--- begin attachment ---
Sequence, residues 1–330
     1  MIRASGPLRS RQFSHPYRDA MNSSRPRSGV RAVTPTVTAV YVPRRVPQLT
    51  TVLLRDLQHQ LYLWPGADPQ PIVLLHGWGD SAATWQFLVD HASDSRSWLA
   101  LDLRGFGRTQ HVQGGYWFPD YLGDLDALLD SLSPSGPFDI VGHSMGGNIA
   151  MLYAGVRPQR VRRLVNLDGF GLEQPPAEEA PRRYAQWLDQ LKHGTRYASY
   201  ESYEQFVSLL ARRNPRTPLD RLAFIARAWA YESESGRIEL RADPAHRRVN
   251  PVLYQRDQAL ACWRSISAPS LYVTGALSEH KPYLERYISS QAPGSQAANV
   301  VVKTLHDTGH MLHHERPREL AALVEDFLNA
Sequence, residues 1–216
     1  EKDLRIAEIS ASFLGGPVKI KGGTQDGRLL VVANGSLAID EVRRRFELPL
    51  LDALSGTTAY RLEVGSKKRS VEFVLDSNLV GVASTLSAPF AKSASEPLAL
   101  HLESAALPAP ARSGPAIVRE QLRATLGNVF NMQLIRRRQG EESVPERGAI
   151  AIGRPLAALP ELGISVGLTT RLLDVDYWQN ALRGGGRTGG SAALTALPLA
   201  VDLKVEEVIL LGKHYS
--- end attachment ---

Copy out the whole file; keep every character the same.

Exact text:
Sequence, residues 1–330
     1  MIRASGPLRS RQFSHPYRDA MNSSRPRSGV RAVTPTVTAV YVPRRVPQLT
    51  TVLLRDLQHQ LYLWPGADPQ PIVLLHGWGD SAATWQFLVD HASDSRSWLA
   101  LDLRGFGRTQ HVQGGYWFPD YLGDLDALLD SLSPSGPFDI VGHSMGGNIA
   151  MLYAGVRPQR VRRLVNLDGF GLEQPPAEEA PRRYAQWLDQ LKHGTRYASY
   201  ESYEQFVSLL ARRNPRTPLD RLAFIARAWA YESESGRIEL RADPAHRRVN
   251  PVLYQRDQAL ACWRSISAPS LYVTGALSEH KPYLERYISS QAPGSQAANV
   301  VVKTLHDTGH MLHHERPREL AALVEDFLNA
Sequence, residues 1–216
     1  EKDLRIAEIS ASFLGGPVKI KGGTQDGRLL VVANGSLAID EVRRRFELPL
    51  LDALSGTTAY RLEVGSKKRS VEFVLDSNLV GVASTLSAPF AKSASEPLAL
   101  HLESAALPAP ARSGPAIVRE QLRATLGNVF NMQLIRRRQG EESVPERGAI
   151  AIGRPLAALP ELGISVGLTT RLLDVDYWQN ALRGGGRTGG SAALTALPLA
   201  VDLKVEEVIL LGKHYS